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Vicki Posted Fri 23rd of August, 2013 15:59:53 PM

Should you bill '88363' and '88381-TC' together? Our pathologists retrieve specimen from archives and select cell and send to outside lab for test.

SuperCoder Answered Fri 23rd of August, 2013 17:08:45 PM

From Coding Alert:

88363 (Examination and selection of retrieved archival [i.e., previously diagnosed] tissue[s] for molecular analysis [e.g., KRAS mutational analysis]) isn't the only code that describes prep work that a pathologist might perform prior to molecular testing.

Code 88363 describes the work when a pathologist retrieves a signed-out case to select appropriate tissue for molecular analysis. Make sure you know the difference between 88363 and codes from the following two code families.

Watch 88380-88381 Bundles

Pathologists sometimes obtain target tumor cells for molecular analysis by using manual or laser capture microdissection techniques. You report the service using 88380 (Microdissection [i.e., sample preparation of microscopically identified target]; laser capture) or 88381 (... manual).

"It's conceivable that a pathologist or one of his/her associates will select archival tissue for a molecular analysis ordered by the patient's physician and then perform microdissection on the archival tissue to prepare it for the test," says Dennis Padget, MBA, CPA, FHFMA, president of DLPadget Enterprises Inc. and publisher of the Pathology Service Coding Handbook, in The Villages, Fla.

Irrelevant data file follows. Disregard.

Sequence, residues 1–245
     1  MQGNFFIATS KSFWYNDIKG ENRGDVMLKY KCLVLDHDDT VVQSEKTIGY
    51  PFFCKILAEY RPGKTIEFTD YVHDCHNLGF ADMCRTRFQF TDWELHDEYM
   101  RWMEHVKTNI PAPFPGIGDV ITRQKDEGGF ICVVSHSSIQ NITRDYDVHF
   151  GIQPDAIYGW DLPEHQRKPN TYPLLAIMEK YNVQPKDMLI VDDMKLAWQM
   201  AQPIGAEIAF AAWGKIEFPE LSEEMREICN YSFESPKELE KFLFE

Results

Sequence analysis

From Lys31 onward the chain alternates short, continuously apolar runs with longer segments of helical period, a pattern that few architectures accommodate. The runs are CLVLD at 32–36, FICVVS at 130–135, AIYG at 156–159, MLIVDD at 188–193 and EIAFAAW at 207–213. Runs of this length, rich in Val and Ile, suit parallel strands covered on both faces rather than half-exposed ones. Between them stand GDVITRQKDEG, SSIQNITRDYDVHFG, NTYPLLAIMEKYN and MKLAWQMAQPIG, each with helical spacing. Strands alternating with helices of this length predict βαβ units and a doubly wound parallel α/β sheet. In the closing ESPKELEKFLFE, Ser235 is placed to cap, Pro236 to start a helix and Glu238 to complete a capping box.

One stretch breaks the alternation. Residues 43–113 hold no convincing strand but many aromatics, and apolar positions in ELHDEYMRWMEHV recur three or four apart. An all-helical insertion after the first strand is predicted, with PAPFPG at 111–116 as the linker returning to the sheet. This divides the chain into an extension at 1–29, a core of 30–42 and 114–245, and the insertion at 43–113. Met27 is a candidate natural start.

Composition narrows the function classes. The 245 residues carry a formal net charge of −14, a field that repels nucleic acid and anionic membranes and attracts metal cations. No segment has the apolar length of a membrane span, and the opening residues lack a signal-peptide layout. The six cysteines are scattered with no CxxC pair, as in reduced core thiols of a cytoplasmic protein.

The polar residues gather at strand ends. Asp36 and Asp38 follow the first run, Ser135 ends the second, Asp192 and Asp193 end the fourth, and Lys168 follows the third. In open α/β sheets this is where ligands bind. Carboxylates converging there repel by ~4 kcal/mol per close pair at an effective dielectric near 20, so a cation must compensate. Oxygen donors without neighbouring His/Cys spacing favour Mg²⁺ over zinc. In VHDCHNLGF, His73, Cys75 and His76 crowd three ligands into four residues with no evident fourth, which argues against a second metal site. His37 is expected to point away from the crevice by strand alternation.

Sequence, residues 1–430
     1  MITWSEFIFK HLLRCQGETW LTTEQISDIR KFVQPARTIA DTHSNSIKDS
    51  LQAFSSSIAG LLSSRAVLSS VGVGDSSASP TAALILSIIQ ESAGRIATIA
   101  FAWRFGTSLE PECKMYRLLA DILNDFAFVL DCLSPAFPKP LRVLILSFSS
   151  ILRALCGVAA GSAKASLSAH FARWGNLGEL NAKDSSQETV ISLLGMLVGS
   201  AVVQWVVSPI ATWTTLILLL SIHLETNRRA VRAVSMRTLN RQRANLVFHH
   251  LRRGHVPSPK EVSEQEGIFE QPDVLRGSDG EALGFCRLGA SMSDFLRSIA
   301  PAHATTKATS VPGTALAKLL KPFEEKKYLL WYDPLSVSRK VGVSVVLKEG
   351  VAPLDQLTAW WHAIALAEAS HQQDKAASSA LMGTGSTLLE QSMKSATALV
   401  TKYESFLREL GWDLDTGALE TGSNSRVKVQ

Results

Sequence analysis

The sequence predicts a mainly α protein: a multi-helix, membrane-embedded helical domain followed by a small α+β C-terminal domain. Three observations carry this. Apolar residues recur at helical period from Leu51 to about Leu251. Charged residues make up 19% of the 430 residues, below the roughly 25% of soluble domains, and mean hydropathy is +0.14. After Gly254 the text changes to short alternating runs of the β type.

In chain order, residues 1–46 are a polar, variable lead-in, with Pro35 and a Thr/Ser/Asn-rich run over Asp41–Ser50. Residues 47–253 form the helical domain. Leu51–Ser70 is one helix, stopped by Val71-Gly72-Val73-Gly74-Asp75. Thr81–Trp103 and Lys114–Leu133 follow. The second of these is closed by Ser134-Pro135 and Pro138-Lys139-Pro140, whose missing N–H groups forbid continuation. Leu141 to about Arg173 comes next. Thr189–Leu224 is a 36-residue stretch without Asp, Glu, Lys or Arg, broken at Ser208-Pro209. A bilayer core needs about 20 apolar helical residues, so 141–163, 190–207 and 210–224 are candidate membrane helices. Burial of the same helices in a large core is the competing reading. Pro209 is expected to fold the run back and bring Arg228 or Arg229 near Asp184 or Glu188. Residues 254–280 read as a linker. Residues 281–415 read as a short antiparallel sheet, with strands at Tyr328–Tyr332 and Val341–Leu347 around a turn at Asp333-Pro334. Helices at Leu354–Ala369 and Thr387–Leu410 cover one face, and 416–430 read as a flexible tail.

Beware edits: Medicare's Correct Coding Initiative (CCI) bundles 88363 with 88380 or 88381. That means you shouldn't bill the codes together when the pathologist selects archive material and performs microdissection for the same molecular analysis. "It's reasonable to assume that CMS expects this bundle to apply as well to the situation where a colleague pathologist performs the microdissection, even when that's done a day or two later," advises Padget.

Do this: Bill the code that represents the most comprehensive documented service, such as 88381, which pays $184.15 versus 88363, which pays $38.05 (national non-facility total amount, conversion factor 33.9764).

Choose 88387 Family or 88363

Sometimes pathologists perform sterile macroscopic dissection to prep fresh tissue for molecular diagnostics testing. CPT provides the following two codes to capture the service:

88387 -- Macroscopic examination, dissection, and preparation of tissue for nonmicroscopic analytical studies (e.g., nucleic acid-based molecular studies); each tissue preparation (e.g., a single lymph node)
+88388 -- ... in conjunction with a touch imprint, intraoperative consultation, or frozen section, each tissue preparation (e.g., a single lymph node) (List separately in addition to code for primary procedure).
For instance: The pathologist might process a sentinel lymph node biopsy and provide distinct sterile macroscopic examination and sectioning for T or B clonality evaluation, according to Sophia Hauxwell, MT-ASCP, laboratory scientist in the University of Nebraska Medical Center Molecular Diagnostics Laboratory in Omaha.

Distinguish 88363: When preparing a specimen for molecular studies, 88387 and +88388 refer to specific pathologist macroscopic work that takes place before the pathologist performs the microscopic examination (such as 88307, Level V -- Surgical pathology, gross and microscopicexamination). In contrast, 88363 takes place on archival tissue after the pathologist has completed the surgical pathology service and signed out the case.

I hope this helps!

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